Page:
(125a) Efficient Bacterial mRNA Sequencing in Diverse Species and Co-Cultures
AIChE Annual Meeting
Monday, November 14, 2022 - 12:30pm to 12:55pm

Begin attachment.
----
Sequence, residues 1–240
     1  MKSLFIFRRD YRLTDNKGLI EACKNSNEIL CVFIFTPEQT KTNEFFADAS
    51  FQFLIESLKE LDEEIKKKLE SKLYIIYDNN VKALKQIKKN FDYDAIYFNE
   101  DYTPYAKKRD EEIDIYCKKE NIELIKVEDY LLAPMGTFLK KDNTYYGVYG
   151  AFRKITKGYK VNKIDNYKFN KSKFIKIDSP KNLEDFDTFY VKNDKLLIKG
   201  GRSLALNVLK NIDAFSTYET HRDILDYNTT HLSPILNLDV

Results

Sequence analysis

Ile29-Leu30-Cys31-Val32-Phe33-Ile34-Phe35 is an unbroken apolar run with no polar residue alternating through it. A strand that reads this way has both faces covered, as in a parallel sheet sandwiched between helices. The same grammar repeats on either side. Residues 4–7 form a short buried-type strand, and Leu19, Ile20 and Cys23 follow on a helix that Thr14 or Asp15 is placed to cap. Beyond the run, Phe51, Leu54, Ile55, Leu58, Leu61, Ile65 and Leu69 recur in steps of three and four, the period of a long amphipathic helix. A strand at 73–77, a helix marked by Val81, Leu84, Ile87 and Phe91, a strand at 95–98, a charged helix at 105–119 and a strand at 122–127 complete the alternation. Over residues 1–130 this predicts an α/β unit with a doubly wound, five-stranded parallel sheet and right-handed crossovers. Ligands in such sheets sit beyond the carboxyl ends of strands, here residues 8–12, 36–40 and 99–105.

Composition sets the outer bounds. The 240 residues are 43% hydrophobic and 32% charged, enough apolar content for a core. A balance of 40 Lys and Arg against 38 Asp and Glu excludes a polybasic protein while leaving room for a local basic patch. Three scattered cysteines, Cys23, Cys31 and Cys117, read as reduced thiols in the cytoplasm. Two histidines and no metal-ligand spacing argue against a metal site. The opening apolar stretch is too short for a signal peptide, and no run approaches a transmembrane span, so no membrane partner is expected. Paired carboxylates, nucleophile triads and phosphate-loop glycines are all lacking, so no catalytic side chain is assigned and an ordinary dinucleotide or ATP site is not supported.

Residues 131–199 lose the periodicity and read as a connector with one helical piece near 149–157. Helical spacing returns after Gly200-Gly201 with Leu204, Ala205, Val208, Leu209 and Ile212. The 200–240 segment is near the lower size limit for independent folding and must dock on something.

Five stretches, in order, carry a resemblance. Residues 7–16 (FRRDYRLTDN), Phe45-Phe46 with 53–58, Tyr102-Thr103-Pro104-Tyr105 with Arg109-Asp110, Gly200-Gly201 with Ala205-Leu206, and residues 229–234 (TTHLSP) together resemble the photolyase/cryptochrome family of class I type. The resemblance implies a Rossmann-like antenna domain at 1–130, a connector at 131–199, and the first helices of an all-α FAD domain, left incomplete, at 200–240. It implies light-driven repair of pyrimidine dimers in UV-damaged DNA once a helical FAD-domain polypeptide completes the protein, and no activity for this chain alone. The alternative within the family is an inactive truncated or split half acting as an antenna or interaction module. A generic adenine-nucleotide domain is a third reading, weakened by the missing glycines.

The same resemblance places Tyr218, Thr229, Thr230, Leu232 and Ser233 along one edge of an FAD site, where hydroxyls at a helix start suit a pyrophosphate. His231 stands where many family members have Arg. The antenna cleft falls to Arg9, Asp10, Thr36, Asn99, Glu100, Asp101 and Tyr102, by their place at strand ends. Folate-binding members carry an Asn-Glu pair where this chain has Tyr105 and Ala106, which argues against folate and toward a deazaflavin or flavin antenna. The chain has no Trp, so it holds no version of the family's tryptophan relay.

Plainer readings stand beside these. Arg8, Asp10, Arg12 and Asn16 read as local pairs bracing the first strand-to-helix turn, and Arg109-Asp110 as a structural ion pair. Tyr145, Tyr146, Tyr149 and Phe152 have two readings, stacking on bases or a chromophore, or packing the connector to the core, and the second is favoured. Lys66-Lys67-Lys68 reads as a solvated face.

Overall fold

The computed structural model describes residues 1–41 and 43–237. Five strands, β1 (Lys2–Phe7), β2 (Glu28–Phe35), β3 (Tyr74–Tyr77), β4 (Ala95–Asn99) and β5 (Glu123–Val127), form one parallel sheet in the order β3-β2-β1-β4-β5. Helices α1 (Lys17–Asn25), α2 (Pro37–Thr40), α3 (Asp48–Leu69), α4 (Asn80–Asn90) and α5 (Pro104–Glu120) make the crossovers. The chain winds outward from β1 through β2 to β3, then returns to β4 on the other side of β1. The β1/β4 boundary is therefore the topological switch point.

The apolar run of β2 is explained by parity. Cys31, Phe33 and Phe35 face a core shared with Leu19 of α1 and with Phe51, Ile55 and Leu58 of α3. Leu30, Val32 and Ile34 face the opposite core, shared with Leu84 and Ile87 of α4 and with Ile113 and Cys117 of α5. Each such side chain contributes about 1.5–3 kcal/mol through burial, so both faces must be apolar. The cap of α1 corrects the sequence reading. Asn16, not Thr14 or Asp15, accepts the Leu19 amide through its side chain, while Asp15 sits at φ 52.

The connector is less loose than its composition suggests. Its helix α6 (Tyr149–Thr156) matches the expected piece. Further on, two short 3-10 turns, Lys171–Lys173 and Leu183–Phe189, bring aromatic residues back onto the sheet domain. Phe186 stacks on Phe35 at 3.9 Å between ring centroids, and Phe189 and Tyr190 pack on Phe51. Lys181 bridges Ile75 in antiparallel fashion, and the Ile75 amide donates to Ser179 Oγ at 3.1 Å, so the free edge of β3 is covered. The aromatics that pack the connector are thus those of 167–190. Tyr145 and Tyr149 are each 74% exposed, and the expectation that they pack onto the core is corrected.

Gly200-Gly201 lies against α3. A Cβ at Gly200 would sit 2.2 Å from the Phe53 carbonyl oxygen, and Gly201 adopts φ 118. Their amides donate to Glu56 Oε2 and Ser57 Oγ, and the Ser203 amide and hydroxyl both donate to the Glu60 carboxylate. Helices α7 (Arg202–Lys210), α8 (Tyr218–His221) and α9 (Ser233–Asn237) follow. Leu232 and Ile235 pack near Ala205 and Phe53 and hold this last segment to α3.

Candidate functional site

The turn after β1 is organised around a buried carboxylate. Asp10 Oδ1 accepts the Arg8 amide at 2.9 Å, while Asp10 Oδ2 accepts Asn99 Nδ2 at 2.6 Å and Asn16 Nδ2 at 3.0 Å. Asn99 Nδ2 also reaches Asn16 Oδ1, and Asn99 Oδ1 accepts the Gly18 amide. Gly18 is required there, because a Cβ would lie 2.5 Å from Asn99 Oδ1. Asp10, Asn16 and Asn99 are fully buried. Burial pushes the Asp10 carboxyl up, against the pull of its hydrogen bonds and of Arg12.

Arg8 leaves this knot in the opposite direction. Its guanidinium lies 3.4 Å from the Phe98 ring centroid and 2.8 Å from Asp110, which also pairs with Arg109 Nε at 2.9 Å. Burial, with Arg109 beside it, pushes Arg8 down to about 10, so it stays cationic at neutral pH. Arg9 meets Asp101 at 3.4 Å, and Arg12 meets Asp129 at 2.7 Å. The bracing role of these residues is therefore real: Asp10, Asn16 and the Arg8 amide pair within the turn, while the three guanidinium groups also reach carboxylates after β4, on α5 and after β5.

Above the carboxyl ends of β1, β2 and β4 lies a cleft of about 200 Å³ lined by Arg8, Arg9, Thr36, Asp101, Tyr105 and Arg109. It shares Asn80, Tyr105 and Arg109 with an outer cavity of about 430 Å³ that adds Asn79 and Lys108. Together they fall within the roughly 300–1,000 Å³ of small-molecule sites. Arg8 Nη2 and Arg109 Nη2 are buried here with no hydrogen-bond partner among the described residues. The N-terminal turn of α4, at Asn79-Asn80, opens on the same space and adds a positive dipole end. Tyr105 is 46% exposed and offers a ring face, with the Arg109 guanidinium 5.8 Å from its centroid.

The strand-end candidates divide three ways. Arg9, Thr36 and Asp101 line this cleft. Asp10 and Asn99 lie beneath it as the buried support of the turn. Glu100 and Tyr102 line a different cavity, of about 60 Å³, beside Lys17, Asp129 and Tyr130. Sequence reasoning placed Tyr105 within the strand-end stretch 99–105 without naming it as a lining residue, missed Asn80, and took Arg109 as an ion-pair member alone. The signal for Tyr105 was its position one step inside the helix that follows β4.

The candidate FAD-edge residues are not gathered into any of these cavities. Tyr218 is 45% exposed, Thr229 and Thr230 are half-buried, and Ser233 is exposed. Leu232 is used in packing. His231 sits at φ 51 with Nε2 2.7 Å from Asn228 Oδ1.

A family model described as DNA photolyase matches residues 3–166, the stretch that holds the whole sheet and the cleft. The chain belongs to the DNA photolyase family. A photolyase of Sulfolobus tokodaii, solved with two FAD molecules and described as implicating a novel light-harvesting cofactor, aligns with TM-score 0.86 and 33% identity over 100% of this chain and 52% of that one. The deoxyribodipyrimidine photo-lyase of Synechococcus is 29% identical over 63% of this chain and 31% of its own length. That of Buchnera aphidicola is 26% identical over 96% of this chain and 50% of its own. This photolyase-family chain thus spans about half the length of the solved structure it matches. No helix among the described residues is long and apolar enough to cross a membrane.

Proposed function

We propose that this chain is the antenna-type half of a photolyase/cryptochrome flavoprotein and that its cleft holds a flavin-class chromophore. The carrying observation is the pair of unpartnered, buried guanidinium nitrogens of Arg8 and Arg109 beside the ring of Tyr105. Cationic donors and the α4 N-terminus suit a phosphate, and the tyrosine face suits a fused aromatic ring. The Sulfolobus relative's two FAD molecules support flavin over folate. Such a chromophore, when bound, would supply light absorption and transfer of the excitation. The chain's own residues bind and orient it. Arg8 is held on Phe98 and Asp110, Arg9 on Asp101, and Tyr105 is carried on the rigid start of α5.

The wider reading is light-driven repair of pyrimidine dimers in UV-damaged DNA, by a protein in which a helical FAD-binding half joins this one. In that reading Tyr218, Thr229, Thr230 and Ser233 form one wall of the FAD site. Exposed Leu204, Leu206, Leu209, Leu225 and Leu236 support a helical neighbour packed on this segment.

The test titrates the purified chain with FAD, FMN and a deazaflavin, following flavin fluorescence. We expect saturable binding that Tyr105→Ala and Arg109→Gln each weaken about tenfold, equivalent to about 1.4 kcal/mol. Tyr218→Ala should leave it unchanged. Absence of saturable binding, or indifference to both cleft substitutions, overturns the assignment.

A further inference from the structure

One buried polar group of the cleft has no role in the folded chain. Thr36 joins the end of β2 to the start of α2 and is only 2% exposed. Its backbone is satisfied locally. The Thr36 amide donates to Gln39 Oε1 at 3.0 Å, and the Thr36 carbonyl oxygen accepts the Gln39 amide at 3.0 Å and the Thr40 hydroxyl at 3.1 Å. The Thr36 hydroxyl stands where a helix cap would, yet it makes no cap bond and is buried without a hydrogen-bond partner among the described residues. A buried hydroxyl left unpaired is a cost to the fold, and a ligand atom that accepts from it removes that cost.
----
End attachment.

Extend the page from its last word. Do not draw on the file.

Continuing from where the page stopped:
Microbes in nature remain one of the largest untapped resources for novel bio-based products, including fuels, antibiotics, and waste treatment solutions. Delineating the transcriptomes of these species with RNA-seq would provide powerful datasets that could be used to characterize the cellular and biochemical functions within these species. However, a major challenge in bacterial RNA-seq is that highly abundant ribosomal RNA (rRNA) molecules must be removed prior to sequencing. If left undepleted, rRNA can consume up to 90% of the sequencing data with uninformative reads, resulting in highly inefficient sequencing of messenger RNA (mRNA), that encodes proteins. This work presents a method, EMBR-seq, which depletes 5S, 16S, and 23S rRNA in prokaryotic species through a combination of selective polyadenylation on mRNA, blocking of rRNA-derived cDNA amplification, and targeted RNase H activity on rRNA. Compared to alternate rRNA depletion methods that employ a large array of oligonucleotides, EMBR-seq employs a few short oligonucleotides per rRNA subunit at strategic locations, thereby making this new technology significantly cheaper and simpler to optimize for any specific prokaryotic species. We demonstrate that rRNA content is depleted down to 3% of sequenced reads in E. coli, 1% in G. metallireducens, and 9% in Fibrobacter sp. UWB7. Additionally, we apply EMBR-seq in co-cultures of Fibrobacter sp. UWB7 with anaerobic fungi, to efficiently obtain RNA-seq data from mixed prokaryotic-eukaryotic samples and quantify the transcriptional changes compared to monoculture growth. This analysis deepens our understanding of the relationship between two species native to the rumen microbiome and how co-culture conditions induce changes in the bacterial stress response and their cellulolytic activity. Thus, EMBR-seq provides an efficient approach to perform RNA-seq quantification of diverse bacterial systems.